No other Republican senator from the Grand Canyon State has even received a primary challenger
Like many of his GOP U.S. Senate brethren in recent cycles, John McCain was renominated to his seat on Tuesday, but did so in an underwhelming fashion.
The five-term incumbent won just over a majority of the vote (51.7 percent) in a four-candidate field and defeated former state senator Kelli Ward by 12.5 points.
Businessman Alex Meluskey, who dropped out of the race earlier in the month, came in third with 5.5 percent and radio host Clair Van Steenwyk was fourth with 3.6 percent.
A strong challenge from Ward resulted in McCain burning more time (and money) than he would have liked in his efforts to shore up conservative support heading into a highly competitive general election race against Congresswoman Ann Kirkpatrick, who ran unopposed for the Democratic nod.
McCain adds his name to a growing list of Republicans in the chamber who recently set new low-water marks in their primary victories including John Cornyn of Texas, Lamar Alexander of Tennessee, Mitch McConnell of Kentucky, Thad Cochran of Mississippi, and Lindsey Graham of South Carolina.
In the end, Senator McCain’s 12.5-point victory was the weakest across the 12 cycles in which Arizona Republican U.S. Senators have sought renomination since statehood.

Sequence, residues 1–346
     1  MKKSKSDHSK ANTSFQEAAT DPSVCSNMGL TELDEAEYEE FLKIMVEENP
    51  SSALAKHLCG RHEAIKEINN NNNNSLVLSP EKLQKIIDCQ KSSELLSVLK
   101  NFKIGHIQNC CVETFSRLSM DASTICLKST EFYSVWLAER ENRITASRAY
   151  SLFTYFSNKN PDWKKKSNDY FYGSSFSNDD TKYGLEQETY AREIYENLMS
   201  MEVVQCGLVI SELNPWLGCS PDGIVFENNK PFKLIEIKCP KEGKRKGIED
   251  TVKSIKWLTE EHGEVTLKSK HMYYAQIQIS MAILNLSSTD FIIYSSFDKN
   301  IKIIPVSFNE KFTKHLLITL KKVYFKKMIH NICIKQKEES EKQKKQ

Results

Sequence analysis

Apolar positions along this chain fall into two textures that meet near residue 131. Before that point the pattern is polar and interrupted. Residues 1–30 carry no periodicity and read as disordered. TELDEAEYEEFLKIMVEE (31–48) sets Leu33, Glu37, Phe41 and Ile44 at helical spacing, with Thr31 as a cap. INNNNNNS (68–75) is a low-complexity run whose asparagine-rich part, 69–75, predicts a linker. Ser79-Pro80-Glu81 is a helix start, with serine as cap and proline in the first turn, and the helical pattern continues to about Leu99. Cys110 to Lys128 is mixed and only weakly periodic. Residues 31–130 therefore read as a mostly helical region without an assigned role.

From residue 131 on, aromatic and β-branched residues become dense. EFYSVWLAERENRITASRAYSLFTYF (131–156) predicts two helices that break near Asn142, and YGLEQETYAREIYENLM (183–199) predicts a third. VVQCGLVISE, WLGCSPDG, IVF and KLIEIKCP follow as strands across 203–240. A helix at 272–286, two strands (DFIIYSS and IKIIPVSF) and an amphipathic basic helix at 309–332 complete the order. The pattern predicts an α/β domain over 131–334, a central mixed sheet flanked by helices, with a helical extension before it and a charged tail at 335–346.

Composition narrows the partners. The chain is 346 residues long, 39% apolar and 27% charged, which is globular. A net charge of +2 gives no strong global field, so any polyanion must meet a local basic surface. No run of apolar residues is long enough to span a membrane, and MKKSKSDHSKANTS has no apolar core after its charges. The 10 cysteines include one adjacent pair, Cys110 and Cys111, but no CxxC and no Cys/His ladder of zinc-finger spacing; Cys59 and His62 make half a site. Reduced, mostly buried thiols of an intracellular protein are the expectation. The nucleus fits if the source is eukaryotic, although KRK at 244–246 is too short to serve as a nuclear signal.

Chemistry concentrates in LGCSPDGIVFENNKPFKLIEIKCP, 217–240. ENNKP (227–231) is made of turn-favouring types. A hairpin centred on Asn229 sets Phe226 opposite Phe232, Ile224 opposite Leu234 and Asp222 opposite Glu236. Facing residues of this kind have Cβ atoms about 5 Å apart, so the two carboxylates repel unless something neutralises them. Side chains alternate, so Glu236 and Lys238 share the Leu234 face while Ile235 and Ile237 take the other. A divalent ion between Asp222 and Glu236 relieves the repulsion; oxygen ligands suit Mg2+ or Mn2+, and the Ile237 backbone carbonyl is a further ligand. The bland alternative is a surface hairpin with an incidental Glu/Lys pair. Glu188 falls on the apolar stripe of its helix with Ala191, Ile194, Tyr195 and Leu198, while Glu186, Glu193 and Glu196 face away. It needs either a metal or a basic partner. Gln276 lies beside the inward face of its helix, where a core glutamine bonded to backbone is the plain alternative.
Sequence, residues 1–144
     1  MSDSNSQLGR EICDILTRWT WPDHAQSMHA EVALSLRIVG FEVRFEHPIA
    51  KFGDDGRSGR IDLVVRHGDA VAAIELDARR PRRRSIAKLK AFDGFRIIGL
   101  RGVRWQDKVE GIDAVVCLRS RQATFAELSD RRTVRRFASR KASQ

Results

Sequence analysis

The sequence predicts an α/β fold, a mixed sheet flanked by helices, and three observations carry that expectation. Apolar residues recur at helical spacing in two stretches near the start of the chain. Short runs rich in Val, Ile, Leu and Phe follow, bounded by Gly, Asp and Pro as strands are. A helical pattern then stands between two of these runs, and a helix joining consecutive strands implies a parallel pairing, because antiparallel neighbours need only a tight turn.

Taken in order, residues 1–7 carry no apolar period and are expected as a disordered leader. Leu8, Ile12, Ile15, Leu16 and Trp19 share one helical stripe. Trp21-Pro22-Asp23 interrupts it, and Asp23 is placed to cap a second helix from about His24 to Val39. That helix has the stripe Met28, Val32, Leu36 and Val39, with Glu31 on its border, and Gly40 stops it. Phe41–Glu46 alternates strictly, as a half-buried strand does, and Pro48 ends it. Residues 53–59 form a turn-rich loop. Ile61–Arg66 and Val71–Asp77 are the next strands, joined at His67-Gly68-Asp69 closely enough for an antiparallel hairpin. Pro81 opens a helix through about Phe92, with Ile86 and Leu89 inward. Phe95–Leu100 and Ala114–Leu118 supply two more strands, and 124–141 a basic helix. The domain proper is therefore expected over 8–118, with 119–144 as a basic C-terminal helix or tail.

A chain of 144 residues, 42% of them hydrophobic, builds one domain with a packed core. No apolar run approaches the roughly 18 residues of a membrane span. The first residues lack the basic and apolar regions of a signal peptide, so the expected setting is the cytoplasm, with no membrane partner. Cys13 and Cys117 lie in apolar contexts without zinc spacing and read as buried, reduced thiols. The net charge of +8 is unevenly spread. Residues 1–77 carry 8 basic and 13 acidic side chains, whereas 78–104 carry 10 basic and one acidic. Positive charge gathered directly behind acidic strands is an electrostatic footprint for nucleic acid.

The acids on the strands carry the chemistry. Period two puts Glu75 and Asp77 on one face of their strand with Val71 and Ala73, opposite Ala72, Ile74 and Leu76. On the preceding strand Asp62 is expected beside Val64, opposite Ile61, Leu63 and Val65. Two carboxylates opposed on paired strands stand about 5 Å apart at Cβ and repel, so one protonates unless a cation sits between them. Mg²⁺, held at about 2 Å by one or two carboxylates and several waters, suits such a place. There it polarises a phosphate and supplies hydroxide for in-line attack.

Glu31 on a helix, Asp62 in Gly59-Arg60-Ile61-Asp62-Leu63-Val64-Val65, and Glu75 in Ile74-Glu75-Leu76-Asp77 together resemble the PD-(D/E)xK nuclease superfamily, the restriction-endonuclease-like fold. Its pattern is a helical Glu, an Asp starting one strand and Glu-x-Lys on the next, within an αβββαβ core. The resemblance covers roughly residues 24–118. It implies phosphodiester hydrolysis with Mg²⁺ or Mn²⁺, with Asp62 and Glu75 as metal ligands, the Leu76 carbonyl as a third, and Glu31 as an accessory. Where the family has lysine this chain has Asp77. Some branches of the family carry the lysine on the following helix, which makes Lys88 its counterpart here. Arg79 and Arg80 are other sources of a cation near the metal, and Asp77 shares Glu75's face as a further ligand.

Prior to the Tea Party movement, Republican U.S. Senators in Arizona had always received a free pass to their party’s nomination.
The first 10 times a GOP incumbent ran for reelection from Arizona saw no other challenger appear on the primary ballot: Ralph Cameron in 1926, Barry Goldwater in 1958, 1974, and 1980, Paul Fannin in 1970, McCain in 1992, 1998, and 2004, and Jon Kyl in 2000 and 2006.
In 2010, just two years after his second failed presidential campaign, McCain was opposed in the primary by former six-term Congressman J.D. Hayworth and businessman Jim Deakin.
More than 43 percent of Republican primary voters did not back McCain that cycle with the state’s senior senator defeating Hayworth by 24.2 points with 56.3 percent of the vote.
In 2016, 48.3 percent of GOP voters cast their ballots against McCain with his victory margin cut nearly in half.
Overall, McCain’s 12.5-point win was the fourth weakest showing across the 29 U.S. Senate primaries with a Democratic or Republican incumbent seeking renomination in Arizona.
All three other contests involved Democratic officeholders in bids launched more than 75 years ago.
1920: Two-term Senator Marcus Smith defeated Arizona Superior Court Justice (and future governor) Rawghlie Stanford by 8.6 points in a four-candidate field that included State Senator Albinus Worsley.
1932: One-term Senator Carl Hayden beat Phoenix attorney Harlow Akers by 10.2 points in a four-candidate field.
1940: Five-term Senator Henry Ashurst was defeated by Pinal County Superior Court Judge Ernest McFarland by 22.7 points in a five-candidate field. Ashurst remains the only Arizona U.S. Senator from either party to lose a renomination bid in state history.
While Republican incumbents have run uncontested in 10 of 12 cycles, Democratic U.S. Senators from Arizona have been challenged in their renomination bids 13 out of 17 times.
The only cycles in which Democratic incumbents received a free pass to the general election were 1916 (Ashurst), 1922 (Ashurst), 1952 (McFarland), and 1988 (Dennis DeConcini).
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